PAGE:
Cobb's Hill #4
by Gil Maker


Gil Maker has produced an excellent portfolio of the wooded areas of Cobb's Hill Park. While several of his photographs are worthy of receiving a Gallery Pick, we have selected Gil's print, titled Cobb's Hill #4 for this coveted award. Gil has found several artistically pleasant patterns within the entropy of the natural areas of Cobb's Hill. In his image titled Cobb's Hill #4 he has recognized and then isolated a vertical stand of trees to photograph. His use of the vertical format enhances the strong vertical lines of the trunks of the trees. The exposure for making the image, combined with Gil's quality printing, showcases the intricate detail of the featured trees. The brightness of these prominent trees enables them to move forward and separate nicely from the darker vegetation of the middle ground. This creates a three dimensional feeling and the sensation of depth for the viewer. Gil, by full framing the print with interesting subject matter, skillfully covers what appears to be a mundane sky. The most prominent and perhaps most interesting tree is aesthetically placed off center. Gil's image is an excellent example of an "intimate landscape" and is a tribute to his ability to recognize, simplify and photograph the essence of a complicated scene.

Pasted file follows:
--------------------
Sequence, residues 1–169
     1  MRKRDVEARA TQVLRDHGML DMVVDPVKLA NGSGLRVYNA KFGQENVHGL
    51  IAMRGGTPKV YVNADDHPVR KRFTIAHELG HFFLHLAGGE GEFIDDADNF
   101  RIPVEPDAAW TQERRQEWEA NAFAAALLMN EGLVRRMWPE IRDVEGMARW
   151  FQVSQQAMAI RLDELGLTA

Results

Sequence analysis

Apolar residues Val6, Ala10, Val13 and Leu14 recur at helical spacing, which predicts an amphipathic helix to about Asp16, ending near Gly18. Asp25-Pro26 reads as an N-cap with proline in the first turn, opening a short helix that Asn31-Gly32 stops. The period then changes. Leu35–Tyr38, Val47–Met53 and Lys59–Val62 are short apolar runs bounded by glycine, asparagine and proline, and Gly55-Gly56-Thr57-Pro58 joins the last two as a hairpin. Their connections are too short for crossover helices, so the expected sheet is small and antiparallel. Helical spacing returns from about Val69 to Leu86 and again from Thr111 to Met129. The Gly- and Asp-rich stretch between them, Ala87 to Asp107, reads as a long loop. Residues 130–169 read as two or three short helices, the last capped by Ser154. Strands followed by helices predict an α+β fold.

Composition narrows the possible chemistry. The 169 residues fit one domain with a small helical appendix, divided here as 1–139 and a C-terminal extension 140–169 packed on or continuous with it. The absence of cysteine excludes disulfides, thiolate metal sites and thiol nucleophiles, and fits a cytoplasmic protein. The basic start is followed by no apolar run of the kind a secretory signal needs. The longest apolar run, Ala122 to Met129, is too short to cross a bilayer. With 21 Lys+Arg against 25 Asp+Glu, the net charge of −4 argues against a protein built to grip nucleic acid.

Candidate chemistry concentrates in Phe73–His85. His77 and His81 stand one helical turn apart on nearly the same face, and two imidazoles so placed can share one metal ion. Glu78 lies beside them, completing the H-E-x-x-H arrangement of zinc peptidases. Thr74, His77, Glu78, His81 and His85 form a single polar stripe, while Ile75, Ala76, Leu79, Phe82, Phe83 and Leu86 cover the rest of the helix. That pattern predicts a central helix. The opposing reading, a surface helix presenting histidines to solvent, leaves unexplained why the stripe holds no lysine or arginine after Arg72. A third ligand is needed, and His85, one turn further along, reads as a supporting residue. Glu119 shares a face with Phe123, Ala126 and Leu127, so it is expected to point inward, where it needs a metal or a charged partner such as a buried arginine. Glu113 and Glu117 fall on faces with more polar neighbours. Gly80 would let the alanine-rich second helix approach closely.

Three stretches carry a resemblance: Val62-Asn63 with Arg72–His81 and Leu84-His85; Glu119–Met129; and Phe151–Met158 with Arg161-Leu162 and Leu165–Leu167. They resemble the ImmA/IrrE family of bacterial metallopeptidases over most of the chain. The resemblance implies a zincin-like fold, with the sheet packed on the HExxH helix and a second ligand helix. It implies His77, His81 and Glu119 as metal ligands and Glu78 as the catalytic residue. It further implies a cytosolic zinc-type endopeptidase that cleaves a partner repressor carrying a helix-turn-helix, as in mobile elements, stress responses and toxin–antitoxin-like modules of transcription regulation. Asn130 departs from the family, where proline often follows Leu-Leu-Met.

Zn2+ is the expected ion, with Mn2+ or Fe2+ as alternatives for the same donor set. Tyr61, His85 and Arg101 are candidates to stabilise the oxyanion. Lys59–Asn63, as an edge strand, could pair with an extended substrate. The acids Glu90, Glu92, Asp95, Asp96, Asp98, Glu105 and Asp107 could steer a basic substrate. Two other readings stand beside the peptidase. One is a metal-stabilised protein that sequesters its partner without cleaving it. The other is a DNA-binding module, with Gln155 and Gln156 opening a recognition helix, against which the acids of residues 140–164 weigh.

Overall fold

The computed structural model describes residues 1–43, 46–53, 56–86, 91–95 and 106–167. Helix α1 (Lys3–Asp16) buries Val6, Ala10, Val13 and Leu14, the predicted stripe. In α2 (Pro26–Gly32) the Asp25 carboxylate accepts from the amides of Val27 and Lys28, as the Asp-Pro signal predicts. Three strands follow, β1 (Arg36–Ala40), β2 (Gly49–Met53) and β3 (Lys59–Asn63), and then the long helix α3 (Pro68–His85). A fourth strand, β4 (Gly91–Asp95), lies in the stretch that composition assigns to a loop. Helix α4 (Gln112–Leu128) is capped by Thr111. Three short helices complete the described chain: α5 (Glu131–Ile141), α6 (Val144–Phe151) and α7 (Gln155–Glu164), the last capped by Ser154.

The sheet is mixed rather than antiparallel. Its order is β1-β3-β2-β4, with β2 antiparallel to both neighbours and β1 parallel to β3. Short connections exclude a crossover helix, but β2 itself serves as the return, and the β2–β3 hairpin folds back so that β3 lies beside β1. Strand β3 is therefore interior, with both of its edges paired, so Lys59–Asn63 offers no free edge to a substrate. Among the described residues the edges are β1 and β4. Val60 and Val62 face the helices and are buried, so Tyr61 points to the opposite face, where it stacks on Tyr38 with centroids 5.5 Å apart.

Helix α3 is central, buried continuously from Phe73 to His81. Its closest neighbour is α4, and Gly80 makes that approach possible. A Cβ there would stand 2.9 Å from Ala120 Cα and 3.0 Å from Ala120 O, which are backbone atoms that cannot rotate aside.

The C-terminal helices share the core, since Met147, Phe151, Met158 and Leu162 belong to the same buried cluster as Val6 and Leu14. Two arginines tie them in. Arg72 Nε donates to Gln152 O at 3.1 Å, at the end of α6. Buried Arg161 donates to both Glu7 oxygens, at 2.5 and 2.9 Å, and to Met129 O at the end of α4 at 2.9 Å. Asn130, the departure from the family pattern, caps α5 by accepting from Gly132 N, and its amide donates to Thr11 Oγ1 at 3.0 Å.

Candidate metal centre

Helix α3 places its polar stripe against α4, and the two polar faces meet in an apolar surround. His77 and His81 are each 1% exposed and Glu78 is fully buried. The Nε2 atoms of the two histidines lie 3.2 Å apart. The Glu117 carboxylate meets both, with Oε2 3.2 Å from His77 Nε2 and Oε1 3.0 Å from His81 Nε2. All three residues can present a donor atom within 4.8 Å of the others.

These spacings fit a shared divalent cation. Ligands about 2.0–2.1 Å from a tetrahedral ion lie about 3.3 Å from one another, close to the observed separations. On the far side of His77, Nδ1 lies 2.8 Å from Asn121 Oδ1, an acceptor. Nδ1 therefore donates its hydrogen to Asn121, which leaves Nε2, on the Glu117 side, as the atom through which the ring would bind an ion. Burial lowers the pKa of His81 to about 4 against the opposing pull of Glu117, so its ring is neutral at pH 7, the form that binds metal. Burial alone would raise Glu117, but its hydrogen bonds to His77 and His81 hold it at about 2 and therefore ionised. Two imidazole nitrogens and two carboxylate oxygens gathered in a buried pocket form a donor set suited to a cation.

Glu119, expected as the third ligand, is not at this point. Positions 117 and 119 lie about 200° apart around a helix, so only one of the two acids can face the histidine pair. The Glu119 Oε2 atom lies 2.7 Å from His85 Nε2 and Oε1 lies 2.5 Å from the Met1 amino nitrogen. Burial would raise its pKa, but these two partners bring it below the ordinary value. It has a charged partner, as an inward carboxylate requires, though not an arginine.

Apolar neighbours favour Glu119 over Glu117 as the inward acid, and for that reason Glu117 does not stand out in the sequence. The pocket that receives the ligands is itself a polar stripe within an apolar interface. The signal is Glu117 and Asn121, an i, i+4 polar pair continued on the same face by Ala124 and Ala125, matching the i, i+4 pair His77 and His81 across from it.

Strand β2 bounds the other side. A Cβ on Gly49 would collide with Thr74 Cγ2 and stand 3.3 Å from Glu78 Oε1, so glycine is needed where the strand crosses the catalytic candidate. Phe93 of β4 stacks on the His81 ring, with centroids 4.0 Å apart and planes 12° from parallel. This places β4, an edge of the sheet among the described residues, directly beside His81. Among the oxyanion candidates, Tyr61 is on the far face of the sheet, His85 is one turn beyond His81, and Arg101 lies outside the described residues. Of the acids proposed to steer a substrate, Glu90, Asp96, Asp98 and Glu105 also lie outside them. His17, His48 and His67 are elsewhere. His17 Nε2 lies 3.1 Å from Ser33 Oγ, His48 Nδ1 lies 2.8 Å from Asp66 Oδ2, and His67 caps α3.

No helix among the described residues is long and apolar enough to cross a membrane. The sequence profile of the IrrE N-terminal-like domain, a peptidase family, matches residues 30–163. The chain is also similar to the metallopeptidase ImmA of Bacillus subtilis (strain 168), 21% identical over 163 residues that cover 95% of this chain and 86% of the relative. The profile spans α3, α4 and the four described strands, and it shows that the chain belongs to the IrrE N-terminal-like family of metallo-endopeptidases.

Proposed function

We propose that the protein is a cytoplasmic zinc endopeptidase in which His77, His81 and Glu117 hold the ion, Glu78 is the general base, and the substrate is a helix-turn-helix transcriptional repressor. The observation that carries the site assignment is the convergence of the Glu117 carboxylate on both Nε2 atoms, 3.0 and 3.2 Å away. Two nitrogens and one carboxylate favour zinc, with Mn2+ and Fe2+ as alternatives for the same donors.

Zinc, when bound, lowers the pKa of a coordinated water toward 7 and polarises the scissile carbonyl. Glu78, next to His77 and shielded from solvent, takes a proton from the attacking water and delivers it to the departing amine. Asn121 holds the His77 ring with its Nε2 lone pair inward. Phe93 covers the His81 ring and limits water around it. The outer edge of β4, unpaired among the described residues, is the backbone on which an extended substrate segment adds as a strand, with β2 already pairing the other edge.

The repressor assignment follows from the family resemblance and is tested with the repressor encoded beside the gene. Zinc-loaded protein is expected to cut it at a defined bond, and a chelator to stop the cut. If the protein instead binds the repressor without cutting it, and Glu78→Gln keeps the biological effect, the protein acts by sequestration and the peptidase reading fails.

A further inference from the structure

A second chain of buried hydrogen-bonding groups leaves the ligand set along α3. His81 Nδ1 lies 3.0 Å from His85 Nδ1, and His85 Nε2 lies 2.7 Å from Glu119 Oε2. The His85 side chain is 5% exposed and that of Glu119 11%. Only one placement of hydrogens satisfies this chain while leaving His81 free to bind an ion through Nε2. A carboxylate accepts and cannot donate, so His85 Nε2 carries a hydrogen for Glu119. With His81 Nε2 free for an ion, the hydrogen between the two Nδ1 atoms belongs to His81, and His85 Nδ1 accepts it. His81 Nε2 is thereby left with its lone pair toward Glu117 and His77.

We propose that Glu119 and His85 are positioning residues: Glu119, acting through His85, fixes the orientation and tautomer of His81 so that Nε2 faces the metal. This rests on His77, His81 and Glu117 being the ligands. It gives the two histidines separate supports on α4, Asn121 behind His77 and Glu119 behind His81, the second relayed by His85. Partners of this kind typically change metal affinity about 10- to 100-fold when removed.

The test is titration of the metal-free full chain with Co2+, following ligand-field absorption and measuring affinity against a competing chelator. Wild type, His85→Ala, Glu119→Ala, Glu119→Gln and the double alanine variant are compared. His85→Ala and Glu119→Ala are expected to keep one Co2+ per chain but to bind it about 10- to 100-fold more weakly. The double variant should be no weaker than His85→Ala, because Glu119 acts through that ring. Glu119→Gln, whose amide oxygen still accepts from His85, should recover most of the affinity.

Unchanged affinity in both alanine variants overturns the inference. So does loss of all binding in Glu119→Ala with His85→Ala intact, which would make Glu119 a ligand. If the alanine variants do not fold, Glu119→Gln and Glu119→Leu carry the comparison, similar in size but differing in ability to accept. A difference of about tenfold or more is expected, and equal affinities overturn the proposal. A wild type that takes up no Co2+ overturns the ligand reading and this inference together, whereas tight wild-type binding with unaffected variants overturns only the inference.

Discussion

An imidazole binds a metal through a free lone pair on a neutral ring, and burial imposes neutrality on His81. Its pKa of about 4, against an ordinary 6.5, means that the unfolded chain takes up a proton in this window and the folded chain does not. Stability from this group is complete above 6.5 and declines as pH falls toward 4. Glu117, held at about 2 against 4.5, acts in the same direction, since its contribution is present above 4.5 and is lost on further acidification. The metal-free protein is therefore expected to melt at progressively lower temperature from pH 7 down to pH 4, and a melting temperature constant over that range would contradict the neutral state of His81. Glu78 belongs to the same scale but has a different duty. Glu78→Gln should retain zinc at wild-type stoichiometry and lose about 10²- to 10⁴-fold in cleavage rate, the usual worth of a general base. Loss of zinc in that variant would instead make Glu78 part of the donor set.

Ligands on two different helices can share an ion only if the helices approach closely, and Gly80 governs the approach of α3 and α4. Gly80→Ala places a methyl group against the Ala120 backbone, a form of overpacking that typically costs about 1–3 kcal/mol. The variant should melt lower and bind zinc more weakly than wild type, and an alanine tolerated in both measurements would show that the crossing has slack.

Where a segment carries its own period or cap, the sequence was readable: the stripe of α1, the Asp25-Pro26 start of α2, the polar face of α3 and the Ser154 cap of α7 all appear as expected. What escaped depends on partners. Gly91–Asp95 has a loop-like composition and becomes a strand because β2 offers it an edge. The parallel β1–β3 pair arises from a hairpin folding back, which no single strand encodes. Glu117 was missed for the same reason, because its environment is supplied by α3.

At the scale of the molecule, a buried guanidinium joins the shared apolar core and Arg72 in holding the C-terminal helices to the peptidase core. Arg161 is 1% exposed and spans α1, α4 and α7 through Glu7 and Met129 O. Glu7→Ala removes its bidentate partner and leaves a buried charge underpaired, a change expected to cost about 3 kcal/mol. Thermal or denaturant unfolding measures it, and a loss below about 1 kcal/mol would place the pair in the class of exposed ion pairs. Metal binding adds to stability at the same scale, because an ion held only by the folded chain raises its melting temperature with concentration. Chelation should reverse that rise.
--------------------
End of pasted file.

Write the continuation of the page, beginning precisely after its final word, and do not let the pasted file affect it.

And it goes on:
State of the Gallery

The Image City Partners thank all of our photographer friends, visitors, and patrons for contributing to the success of our recent exhibits; we receive many compliments about the photographic art we exhibit and we have seen a modest increase in salesSince November we have sold 47 photographs and returned $5,500 to the exhibiting artists for their sales. We have observed that in addition to visitors enjoying the gallery experience of the exhibits, we are seen as a destination to purchase art for individual collections and as photographic gifts. We look forward to 2015 for another year of growth both for our artistic and business endeavors.


We are often asked about how Image City operates its business and perhaps a brief "State of the Gallery" will be of interest. Organized in 2005 we are a corporation with 11 partners, approaching our 10-year anniversary. To pay the operating expenses of the Gallery we rent exhibit space and take a commission from sales from guest and partner sales. The partners work and support each other to schedule and organize 13 exhibits and receptions each year, staff the gallery to assist customers with sales, maintain the physical appearance of the Gallery, and oversee the financial and fiscal well being of the operation.